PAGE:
The Mirage

March 24, 2010

(Guest post by Greg Forster)

It’s fitting that Matt and Jay are posting this morning about their experiences in Vegas, because I was already planning to post about a really big Mirage.

Over the weekend, a lot of conservatives in the blogosphere were consoling themselves with the thought that “now they own the system.”

Jim Geraghty: Direct All Future Health-Care Complaints to 1600 Pennsylvania Avenue

K-Lo: Every hiccup. Every complaint. Every long line. All yours.

I’d love to believe this line, but it’s obviously not true. Dozens of other countries have gone down this road, to their manifest ruin. Did any of them produce this kind of backlash against the party that led the socialization process?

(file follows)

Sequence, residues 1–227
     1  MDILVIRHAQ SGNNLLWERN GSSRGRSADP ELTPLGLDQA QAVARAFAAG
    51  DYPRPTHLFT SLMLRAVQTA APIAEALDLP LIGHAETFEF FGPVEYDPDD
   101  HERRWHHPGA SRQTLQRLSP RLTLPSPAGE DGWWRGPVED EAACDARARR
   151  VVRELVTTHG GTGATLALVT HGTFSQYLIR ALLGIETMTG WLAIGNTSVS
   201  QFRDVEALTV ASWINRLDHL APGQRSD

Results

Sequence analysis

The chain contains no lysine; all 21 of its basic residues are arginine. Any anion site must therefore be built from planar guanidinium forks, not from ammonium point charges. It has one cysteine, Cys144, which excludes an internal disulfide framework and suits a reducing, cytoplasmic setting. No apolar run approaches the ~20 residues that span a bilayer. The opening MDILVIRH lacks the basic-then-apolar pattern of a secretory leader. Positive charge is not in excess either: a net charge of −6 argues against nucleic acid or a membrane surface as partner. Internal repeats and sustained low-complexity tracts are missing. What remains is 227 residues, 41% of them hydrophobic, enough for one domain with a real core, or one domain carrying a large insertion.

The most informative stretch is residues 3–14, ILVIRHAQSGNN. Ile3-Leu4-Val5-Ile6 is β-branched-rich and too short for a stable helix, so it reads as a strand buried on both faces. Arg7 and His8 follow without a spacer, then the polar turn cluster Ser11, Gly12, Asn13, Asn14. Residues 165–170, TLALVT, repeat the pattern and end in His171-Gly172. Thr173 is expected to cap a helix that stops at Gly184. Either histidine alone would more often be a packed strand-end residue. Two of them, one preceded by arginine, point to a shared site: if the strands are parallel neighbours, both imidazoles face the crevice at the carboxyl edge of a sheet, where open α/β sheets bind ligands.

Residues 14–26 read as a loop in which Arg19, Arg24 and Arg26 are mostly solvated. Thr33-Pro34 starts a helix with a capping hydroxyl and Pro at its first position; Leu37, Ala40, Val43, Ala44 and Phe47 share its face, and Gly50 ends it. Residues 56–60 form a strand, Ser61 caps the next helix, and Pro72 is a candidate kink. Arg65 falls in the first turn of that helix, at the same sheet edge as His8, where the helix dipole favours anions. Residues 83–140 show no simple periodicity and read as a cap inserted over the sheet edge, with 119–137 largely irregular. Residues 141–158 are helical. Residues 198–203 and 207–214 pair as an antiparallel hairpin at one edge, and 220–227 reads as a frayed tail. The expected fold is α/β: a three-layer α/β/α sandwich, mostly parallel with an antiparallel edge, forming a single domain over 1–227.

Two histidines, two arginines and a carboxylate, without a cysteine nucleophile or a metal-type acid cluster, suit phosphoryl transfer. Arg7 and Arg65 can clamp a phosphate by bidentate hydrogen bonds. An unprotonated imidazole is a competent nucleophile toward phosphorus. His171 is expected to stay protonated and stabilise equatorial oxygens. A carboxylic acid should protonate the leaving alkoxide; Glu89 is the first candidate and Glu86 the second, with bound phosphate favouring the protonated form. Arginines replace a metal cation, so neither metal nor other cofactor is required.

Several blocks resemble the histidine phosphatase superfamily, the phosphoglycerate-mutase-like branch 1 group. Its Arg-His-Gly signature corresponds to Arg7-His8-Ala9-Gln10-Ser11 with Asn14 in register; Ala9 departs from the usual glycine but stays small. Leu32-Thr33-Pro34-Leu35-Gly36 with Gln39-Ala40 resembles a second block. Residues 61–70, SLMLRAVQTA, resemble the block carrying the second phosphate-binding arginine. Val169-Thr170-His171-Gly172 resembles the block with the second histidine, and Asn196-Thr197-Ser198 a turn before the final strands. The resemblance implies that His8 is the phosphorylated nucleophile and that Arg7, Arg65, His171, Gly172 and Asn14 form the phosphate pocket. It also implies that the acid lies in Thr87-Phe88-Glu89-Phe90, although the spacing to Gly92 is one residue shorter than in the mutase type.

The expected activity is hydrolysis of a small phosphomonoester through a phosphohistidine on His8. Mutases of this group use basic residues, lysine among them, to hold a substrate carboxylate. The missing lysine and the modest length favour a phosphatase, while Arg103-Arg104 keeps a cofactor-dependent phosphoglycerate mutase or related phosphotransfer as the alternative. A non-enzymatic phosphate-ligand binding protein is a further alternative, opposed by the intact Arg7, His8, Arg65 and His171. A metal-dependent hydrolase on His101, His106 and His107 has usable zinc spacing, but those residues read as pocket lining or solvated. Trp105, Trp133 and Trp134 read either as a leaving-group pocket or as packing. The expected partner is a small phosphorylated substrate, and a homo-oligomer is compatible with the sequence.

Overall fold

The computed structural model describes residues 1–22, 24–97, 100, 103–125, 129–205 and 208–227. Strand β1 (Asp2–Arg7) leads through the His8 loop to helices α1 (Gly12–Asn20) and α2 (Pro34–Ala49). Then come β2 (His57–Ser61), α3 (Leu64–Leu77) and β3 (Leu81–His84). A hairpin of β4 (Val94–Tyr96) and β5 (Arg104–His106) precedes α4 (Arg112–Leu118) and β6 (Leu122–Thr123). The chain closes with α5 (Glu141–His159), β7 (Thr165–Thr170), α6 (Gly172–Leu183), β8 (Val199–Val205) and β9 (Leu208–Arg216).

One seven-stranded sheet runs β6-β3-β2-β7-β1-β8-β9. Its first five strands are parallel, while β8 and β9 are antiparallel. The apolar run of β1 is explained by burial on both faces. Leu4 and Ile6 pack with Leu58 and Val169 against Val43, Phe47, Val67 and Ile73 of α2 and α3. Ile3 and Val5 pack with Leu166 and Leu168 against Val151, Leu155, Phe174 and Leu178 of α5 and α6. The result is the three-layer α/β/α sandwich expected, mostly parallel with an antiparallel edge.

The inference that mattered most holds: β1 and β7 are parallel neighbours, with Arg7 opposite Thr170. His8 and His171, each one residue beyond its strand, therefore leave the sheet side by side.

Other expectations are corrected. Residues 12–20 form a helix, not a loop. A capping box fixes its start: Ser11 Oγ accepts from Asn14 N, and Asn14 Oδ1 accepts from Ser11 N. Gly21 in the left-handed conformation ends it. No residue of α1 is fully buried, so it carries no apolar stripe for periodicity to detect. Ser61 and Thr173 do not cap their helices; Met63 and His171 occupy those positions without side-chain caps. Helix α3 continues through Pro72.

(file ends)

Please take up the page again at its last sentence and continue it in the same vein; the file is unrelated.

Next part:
They want to own the system. That’s the whole point. I don’t just mean that they want the wealth and power that comes with actually owning it, although that’s a nontrivial factor. (Just look at how they’re already using the nationalization of student loans to coercively redistribute wealth from grads who choose private-sector jobs to grads who choose public-sector jobs.) They also – even more importantly – want to own it in perception, want to be seen as owning it.

Why? Because in a socialized system, the presumption is that the party that owns the system wants to make it (and hence your health care) bigger and better, while the party that doesn’t own the system wants to redirect resoucres away from it (and hence hurt your health care).

They own the system, therefore they own the issue. If everybody gets their health care from “the system,” then when people want better health care, they’ll always vote for the party that owns “the system.” And, of course, socialized medicine does a lot of damage to health care, and thus generates a lot of desire for better health care. It’s a self-reinforcing dynamic.

Game over, man! Game over!